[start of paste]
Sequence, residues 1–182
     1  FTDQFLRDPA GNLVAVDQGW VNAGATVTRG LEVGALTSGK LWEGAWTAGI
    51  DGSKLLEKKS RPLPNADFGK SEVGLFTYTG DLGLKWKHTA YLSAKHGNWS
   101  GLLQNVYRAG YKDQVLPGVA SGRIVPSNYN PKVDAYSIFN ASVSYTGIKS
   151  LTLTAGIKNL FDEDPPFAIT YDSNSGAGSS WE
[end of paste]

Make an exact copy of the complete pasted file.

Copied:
Sequence, residues 1–182
     1  FTDQFLRDPA GNLVAVDQGW VNAGATVTRG LEVGALTSGK LWEGAWTAGI
    51  DGSKLLEKKS RPLPNADFGK SEVGLFTYTG DLGLKWKHTA YLSAKHGNWS
   101  GLLQNVYRAG YKDQVLPGVA SGRIVPSNYN PKVDAYSIFN ASVSYTGIKS
   151  LTLTAGIKNL FDEDPPFAIT YDSNSGAGSS WE